Attend The Idaho HOPEfest
Today Karri Gallaugher (Cannabis Karri), Kenny Davis (Cousin Kenny), and I ("Radical" Russ) will be appearing at the Idaho HOPEfest (Hemp Offers People Everything) at Ann Morrison Park in Boise, Idaho. Karri and I will be speaking and Kenny and I will be playing blues and rock with the band Boi Howdy.
I was born and grew up in Nampa, Idaho, which used to be a small town in the county west of Boise, known as Canyon County. It's the conservative bedroom county to the next-door metropolis, akin to Orange County to Los Angeles or Washington County to Portland. When I left Idaho, the county sheriff had been running drug-sniffing dogs through the local mall parking lot, then stopping the cars the dogs marked once they got onto the public roads. He'd also floated the idea of requiring all landlords in the county to require clean drug tests from applicants for housing.
Heard on The Russ Belville Show
"Radical" Russ Belville
Boi Howdy (Russ & Kenny)
Cannabis Karri Gallaugher
Libertarian VP Candidate Judge Jim Gray
So when I come back to Idaho, I always feel the hair on the back of my neck stand up. I am literally a criminal when I cross the Snake River at Payette County. According to Idaho Laws, marijuana "use or intoxication in public" is a misdemeanor deserving of six months imprisonment and a $1,000 fine. Now, it's not like I'm toking up in Ontario and coming across the border high. But "intoxication" under Idaho law can be proven by my failure to pee clean on a drug screen. I could stop smoking pot for a month and still fail a drug test.
Furthermore, when I come into Idaho, I save money by spending the night with friends who smoke marijuana. "Presence at location where marijuana is cultivated or stored" is also a misdemeanor, deserving of three months in jail and a $300 fine.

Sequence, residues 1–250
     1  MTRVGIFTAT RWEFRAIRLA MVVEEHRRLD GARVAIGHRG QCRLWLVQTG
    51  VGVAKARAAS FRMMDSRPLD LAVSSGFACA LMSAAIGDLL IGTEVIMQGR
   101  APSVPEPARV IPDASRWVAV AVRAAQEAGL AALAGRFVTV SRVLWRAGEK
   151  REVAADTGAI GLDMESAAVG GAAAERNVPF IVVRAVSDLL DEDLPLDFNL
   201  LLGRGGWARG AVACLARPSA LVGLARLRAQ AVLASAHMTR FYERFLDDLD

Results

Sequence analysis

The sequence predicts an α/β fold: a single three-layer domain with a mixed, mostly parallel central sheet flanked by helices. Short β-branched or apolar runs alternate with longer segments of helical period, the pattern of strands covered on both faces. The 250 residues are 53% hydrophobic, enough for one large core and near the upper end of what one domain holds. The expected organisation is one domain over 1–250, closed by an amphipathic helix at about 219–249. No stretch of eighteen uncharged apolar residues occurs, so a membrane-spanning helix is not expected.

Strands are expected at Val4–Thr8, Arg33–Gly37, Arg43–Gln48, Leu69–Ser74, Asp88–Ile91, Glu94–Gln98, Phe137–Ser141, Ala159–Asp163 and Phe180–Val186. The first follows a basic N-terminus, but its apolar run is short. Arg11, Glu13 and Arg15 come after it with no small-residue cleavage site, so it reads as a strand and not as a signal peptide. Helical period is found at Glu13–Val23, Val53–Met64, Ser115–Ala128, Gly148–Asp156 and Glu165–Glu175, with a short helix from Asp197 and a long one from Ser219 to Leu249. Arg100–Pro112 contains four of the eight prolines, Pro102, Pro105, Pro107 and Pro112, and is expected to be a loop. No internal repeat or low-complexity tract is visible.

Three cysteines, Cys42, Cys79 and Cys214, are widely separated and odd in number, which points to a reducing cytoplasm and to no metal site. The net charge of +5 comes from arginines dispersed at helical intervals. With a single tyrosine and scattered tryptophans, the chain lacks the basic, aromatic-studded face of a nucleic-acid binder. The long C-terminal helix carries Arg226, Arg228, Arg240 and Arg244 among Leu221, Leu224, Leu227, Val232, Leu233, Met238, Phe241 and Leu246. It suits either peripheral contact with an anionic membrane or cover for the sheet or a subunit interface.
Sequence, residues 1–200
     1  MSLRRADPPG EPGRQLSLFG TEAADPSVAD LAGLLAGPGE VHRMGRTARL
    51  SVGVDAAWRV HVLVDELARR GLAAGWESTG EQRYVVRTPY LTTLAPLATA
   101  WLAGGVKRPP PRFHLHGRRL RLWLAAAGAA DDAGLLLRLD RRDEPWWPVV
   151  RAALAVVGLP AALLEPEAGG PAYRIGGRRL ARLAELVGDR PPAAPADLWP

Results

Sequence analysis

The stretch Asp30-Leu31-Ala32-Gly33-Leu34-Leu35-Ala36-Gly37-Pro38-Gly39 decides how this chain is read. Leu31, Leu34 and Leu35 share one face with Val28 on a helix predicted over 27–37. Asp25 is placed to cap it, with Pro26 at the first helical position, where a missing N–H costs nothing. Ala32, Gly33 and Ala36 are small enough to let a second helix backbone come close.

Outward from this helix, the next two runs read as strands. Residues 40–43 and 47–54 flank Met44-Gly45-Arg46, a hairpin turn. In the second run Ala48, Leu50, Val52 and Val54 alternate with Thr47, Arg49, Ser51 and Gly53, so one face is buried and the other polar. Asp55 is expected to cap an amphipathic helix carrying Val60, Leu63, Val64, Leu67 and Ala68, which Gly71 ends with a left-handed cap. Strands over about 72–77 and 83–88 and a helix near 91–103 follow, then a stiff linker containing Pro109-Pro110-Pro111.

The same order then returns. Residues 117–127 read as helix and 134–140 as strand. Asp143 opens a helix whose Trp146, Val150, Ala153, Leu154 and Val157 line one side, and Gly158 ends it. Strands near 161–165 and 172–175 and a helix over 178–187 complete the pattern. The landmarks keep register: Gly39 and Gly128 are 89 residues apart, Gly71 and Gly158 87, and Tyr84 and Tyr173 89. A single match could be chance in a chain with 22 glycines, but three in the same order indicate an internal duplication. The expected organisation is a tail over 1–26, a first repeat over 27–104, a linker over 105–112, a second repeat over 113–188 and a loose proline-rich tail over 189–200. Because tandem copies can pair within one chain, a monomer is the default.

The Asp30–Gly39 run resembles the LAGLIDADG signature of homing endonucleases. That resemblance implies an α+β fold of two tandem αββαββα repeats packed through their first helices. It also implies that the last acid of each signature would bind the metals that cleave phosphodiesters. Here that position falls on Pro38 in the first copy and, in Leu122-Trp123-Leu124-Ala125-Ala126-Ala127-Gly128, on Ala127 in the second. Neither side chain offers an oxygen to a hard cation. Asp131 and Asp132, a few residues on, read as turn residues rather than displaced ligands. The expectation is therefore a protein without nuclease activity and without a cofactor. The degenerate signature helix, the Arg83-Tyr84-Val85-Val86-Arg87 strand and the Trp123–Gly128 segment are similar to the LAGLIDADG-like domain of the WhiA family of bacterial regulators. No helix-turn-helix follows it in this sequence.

This breaks my heart every year. My family and many friends still live in Idaho and I cannot visit them without breaking the law. Practically, you might argue, there's not much chance of being caught breaking these laws. After all, I lived in Boise from 1990-2002 as a pot smoker and never got caught. So long as I don't get into a car accident or somehow arouse the suspicion of law enforcement, I should be OK.
But something changes when you live in Oregon, Portland especially, and you begin to experience what life can be for a pot smoker as at least a second-class citizen instead of a criminal. That fear of seeing a police car driving not just behind you, but anywhere near you, goes away. That trepidation about leaving the home, worried that the smell of marijuana on your clothes may somehow lead to handcuffs, evaporates. It's hard to go back to looking over your shoulder and following anti-law enforcement protocols.
So I hope my time in Idaho opens some minds and maybe changes a few. You don't have to like marijuana or marijuana smokers but it is time to stop treating us like criminals. Let's talk about this.